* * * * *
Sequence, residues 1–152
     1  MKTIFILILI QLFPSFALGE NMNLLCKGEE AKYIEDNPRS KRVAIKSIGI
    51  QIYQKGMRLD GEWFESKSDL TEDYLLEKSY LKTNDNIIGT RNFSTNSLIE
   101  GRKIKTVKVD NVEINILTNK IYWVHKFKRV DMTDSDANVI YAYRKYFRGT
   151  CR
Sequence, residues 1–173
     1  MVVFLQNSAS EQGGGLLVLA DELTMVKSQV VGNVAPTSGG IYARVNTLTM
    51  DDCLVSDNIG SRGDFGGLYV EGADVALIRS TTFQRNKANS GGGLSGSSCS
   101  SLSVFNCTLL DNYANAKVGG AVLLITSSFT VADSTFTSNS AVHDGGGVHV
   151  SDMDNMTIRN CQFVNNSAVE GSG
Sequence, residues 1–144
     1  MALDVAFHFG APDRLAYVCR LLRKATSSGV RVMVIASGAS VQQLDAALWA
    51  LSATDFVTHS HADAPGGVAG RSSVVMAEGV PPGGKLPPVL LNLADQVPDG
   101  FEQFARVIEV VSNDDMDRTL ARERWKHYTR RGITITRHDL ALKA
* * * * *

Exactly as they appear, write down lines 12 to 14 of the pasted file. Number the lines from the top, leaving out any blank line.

     1  MALDVAFHFG APDRLAYVCR LLRKATSSGV RVMVIASGAS VQQLDAALWA
    51  LSATDFVTHS HADAPGGVAG RSSVVMAEGV PPGGKLPPVL LNLADQVPDG
   101  FEQFARVIEV VSNDDMDRTL ARERWKHYTR RGITITRHDL ALKA